Ballot initiatives are currently on 24 state ballots for the next election. In short, voters produce a petition to have a certain issue on the ballot for a public vote; a form of direct democracy. Sounds great, right? But, some issues arise out of voting directly on a ballot initiative:
- oversimplified language that may cause voters to vote yes on an issue that they actually do not agree with
- undermining our representative form of government
- no limits on funding for these initiatives
As stated already, half of our states are still trying to make it work.
Six ballot initiatives will appear as questions on Maine’s November ballot. Some of those questions deal with marijuana reform, minimum wage laws, gun safety, funding for education, and less known, the initiative for ranked-choice voting (Question 5).
Ranked-choice voting (RCV) includes choosing candidates in nominal order; 1st choice, 2nd choice, 3rd choice, etc. The candidate with the least amount of votes is eliminated, and his or her votes are allocated to the next choice candidate, based on the ranking order the citizen chose on the ballot. This method helps reflect a majority of support for candidates, instead of voting for the “lesser liked choice.” Ranked-choice voting allows third-party candidates to stand a chance in elections. Of course, this is an oversimplification of initiative and the actual process is more complicating than this author can explain.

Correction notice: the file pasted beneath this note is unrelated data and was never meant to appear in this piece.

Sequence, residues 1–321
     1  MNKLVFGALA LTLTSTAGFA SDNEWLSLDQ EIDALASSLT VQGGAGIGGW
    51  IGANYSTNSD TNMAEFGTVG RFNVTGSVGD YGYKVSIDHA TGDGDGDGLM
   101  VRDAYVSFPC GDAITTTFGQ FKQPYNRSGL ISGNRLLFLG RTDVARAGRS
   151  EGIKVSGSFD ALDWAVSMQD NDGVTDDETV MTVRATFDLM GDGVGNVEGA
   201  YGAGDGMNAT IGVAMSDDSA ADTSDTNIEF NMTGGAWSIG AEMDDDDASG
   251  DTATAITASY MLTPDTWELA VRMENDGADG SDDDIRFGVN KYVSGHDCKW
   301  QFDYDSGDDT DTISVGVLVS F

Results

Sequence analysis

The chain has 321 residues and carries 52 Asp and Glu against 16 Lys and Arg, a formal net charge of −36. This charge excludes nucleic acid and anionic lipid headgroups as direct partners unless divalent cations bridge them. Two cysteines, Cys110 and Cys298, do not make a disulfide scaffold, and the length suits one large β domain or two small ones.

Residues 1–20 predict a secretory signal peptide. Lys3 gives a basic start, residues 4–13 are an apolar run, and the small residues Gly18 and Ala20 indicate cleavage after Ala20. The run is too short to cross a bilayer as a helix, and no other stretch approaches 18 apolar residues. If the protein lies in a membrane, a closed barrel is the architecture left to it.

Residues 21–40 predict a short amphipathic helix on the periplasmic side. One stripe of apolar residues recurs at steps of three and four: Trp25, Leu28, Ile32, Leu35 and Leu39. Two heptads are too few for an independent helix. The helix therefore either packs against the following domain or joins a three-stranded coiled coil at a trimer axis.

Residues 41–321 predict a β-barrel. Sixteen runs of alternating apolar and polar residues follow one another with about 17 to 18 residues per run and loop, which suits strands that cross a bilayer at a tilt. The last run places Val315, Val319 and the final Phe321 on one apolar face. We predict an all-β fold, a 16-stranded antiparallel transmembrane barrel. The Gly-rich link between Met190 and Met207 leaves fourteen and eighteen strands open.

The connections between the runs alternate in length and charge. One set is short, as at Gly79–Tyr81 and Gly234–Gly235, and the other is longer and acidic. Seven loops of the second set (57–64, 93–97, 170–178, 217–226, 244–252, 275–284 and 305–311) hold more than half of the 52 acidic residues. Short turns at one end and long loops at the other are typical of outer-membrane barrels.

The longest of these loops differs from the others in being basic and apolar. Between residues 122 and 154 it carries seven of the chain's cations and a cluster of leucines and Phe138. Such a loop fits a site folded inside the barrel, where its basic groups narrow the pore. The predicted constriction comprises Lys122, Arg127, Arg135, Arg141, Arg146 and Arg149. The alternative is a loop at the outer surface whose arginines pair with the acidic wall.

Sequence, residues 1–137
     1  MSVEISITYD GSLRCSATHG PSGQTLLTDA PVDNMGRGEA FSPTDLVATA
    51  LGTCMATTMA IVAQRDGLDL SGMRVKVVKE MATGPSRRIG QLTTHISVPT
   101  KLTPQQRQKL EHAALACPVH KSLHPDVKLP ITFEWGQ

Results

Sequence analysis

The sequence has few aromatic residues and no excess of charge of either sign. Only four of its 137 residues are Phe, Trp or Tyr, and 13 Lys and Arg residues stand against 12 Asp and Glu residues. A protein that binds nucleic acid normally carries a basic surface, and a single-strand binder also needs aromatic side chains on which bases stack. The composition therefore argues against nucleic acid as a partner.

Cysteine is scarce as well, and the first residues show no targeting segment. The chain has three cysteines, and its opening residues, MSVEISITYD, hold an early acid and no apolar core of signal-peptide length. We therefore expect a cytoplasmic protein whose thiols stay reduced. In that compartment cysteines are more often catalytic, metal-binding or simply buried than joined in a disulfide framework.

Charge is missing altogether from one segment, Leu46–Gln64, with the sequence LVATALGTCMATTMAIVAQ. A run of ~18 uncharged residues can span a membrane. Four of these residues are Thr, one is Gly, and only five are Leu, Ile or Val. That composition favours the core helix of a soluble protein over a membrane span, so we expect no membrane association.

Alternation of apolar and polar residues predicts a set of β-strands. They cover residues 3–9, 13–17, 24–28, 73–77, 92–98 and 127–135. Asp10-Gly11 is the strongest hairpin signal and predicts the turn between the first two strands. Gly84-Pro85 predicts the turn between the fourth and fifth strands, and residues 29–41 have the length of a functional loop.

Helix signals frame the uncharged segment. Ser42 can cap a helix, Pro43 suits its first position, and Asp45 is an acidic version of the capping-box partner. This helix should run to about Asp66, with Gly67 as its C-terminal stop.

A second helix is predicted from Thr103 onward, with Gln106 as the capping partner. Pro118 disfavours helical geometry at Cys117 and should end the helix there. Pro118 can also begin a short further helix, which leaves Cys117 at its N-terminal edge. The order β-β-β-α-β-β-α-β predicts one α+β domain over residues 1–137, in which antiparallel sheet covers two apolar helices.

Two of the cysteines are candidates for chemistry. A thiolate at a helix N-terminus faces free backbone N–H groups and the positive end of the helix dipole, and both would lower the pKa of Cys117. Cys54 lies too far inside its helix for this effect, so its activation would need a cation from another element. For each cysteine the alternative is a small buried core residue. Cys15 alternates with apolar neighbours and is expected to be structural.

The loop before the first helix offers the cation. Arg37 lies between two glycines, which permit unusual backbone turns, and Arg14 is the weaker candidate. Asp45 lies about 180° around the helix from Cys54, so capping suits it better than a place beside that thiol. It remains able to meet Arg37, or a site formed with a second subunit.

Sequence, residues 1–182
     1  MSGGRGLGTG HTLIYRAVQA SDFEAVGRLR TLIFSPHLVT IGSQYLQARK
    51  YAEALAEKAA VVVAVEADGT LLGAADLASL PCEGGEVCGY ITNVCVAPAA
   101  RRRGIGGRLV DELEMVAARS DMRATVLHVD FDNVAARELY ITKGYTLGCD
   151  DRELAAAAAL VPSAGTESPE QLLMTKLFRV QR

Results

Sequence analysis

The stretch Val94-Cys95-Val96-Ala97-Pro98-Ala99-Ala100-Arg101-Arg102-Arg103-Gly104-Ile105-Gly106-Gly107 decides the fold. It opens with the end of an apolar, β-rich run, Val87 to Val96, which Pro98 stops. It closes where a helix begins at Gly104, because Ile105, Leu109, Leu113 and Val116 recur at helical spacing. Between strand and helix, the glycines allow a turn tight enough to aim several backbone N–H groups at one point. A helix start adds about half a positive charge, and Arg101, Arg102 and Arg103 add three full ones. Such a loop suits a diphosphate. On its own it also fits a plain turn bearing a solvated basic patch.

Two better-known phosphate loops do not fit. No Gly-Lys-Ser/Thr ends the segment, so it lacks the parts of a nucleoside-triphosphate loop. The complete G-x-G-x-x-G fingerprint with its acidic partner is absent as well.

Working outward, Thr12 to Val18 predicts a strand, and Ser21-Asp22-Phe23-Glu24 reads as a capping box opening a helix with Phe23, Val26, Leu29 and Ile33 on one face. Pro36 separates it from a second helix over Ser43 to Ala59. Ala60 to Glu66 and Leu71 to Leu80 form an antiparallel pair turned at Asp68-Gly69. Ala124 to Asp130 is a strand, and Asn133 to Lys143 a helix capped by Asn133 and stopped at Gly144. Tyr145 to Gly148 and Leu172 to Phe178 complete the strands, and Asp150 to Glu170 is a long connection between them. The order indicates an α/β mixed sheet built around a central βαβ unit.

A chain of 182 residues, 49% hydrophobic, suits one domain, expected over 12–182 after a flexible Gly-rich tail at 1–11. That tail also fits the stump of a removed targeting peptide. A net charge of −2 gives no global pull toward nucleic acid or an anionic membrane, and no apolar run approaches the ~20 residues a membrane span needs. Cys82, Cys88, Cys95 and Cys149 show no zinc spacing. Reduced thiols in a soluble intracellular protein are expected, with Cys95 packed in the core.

In an effort to persuade voters that ranked-choice voting is easy and smart, the Committee for Ranked Choice Voting held demonstrations at local breweries during the month of September. The initiative used beer flights to demonstrate how ranked-choice voting would work, but incorporated everyone’s favorite past time, drinking beer!
I wonder if these demonstrations will make a difference on Question 5 on Maine’s November ballot. Stay tuned to find out!